Simulation Software: Use Commercial Products or Home-Made Software?
When you need to do some simulation and modeling, a basic question often arises: should you develop your own software to do this, or better take a commercial product?
I am admittedly not neutral on this issue, as I am obviously happy if people decide to buy my own modeling software, such as
- RP Fiber Power for fiber laser and amplifier design
- RP Resonator for resonator design (mainly for bulk lasers)
- RP ProPulse for pulse propagation simulations, e.g. in mode-locked lasers, regenerative amplifiers and fibers
Anyway, I can contribute some thoughts on that question which may help you to arrive a rational conclusion. It turns out that a number of aspects should be considered in this context.
Time to Get Started
In most cases, the time to get familiar with some commercial software is quite small compared with the time to develop some software oneself. So in this respect, commercial software often has a big plus. However, it can also turn into a big waste of time if you start with some software which works for the simple cases but later out turns out not to be sufficiently flexible (see below) so that you still have to turn to something else later on.
Is the Code Correct?
That can be a big issue. Anyone can easily make errors when developing simulation and design software, and obviously such errors can severely hurt you. For example, you may be mislead by them and subsequently try out things in the lab which cannot work.
Definitely, any such software should be carefully validated before it is used. This is a process which takes substantial time and experience. (I have actually devoted another article to the problem of software validation). If you develop such software yourself, you may be under pressure to get results quickly and do only some superficial testing. On the other hand, you may find it hard to trust some anonymous developer at some software company. So preferably you will use software developed by somebody who is known to be most competent, experienced and careful.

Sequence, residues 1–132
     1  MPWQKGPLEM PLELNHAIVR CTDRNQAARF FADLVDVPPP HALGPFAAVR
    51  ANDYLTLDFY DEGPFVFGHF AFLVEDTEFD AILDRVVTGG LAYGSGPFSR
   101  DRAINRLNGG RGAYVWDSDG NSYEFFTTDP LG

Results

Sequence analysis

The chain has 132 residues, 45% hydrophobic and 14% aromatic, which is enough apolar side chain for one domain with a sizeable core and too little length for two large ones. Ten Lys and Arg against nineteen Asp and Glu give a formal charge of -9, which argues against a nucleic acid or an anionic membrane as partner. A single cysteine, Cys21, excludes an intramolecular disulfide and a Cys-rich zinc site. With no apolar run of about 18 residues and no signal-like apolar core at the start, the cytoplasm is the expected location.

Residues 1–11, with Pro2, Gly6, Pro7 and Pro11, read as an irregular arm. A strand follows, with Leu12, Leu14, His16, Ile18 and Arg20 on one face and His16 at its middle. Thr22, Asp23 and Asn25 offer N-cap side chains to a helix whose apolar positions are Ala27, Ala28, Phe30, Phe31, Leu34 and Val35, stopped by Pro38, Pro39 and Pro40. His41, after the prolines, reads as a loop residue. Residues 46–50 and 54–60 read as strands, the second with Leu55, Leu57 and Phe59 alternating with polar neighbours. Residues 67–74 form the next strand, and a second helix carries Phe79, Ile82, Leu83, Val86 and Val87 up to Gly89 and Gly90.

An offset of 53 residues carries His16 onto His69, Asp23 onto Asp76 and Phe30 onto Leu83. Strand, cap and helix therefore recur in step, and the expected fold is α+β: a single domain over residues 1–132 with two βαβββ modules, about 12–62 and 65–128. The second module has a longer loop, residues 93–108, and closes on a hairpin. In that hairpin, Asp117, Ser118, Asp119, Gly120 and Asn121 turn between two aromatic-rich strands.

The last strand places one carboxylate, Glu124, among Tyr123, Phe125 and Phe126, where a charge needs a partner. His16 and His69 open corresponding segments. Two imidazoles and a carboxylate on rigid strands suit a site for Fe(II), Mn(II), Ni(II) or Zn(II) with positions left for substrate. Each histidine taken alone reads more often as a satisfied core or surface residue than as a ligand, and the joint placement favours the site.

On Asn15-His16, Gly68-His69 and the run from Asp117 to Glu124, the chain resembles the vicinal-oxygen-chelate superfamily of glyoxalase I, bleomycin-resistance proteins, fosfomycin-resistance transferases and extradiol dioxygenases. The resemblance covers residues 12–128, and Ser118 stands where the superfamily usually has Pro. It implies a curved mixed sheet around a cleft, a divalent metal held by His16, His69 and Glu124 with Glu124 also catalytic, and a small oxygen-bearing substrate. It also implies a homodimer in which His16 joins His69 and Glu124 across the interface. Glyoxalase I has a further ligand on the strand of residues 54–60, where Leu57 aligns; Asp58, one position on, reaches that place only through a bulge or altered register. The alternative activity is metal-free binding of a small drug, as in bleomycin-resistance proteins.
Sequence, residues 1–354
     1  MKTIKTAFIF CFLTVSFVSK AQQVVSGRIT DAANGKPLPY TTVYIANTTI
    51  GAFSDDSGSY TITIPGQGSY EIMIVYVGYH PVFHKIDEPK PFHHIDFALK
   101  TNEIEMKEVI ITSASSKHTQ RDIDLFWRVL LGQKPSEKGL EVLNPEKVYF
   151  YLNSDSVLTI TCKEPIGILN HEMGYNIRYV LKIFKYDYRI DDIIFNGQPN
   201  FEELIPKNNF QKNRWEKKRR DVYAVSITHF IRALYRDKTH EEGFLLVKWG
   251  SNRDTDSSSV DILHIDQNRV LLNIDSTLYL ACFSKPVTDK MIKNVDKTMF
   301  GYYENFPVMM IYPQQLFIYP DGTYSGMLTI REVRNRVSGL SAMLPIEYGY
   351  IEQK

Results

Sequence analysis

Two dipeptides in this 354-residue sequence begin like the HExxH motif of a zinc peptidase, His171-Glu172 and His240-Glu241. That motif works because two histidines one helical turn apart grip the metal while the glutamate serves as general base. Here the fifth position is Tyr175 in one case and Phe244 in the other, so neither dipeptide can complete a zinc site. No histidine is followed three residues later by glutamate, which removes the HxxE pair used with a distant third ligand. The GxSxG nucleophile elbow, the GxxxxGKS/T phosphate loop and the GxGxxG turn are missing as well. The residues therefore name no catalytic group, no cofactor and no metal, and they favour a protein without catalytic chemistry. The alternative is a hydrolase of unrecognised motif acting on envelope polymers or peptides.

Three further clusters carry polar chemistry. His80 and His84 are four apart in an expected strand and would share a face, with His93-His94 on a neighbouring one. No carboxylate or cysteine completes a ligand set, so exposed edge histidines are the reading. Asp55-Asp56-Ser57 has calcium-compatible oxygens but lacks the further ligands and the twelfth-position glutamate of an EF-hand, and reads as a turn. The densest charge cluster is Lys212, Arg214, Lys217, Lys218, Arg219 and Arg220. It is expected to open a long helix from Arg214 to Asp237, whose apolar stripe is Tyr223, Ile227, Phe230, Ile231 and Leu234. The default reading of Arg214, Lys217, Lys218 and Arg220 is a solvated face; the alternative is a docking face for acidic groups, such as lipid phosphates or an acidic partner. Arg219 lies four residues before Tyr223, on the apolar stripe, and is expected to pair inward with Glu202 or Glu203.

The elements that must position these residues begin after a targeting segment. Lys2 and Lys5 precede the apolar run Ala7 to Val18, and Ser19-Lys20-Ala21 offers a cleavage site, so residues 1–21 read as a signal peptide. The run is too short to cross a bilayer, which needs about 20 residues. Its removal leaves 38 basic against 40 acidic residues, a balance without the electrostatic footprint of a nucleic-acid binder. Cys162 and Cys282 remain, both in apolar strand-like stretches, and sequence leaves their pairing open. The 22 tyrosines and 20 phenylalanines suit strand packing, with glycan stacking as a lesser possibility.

User Friendliness and Flexibility
Obviously, it will help you if a software is user friendly, as this makes your work easier, more efficient and also safer. (The risk of introducing errors in the software handling is much greater if you don't have a well engineered user interface!) On the other hand, you want something really flexible, working also in more sophisticated cases, as it is no point to do only some simple things with a software and have no solutions for the most interesting cases.
Unfortunately, it is not easy to achieve user friendliness and flexibility, let alone to combine them in one product. Some products come with a really beautiful graphical interface, where you simply put together some model with a few mouse clicks. However, this approach tends to severely limit your flexibility, as some general structures are hard-coded and cannot be changed. For example, there are optimizations where you can only adjust parameters but not the general type of the used figure of merit. In other cases, you may easily set up some chain of optical components, but cannot deviate from a linear chain.
As a more concrete example, imagine that you want to simulate the operation of a regenerative amplifier, where you inject a pulse, let it circulate say 50 times, then eject it and replenish the energy by pumping the crystal for some time. Now you may want to vary some parameter (e.g., the initial pulse energy) and check out what you get after multiple amplification/pumping cycles. If you have to arrange all that manually for each parameter value, it may drive you crazy before your results are complete.
Scripting vs. Forms and Graphical User Interfaces
Initially, my software always had to be controlled by writing scripts, containing certain commands and mathematical expressions. That gave the user the full flexibility, but required some initial investment to get acquainted to the script language. Well, starting out with some demo scripts one gets into it quite quickly, but some potential users were concerned to spend too much time. Other companies offered software with a purely graphical interface, which was easier to get started with, but totally lacked flexibility. I then considered to offer forms in addition, but I still didn't want to confront the user with a hard choice between two totally different approaches, each one still having its characteristic limitations. I finally managed to find the right combination, best implemented in my RP Fiber Power software: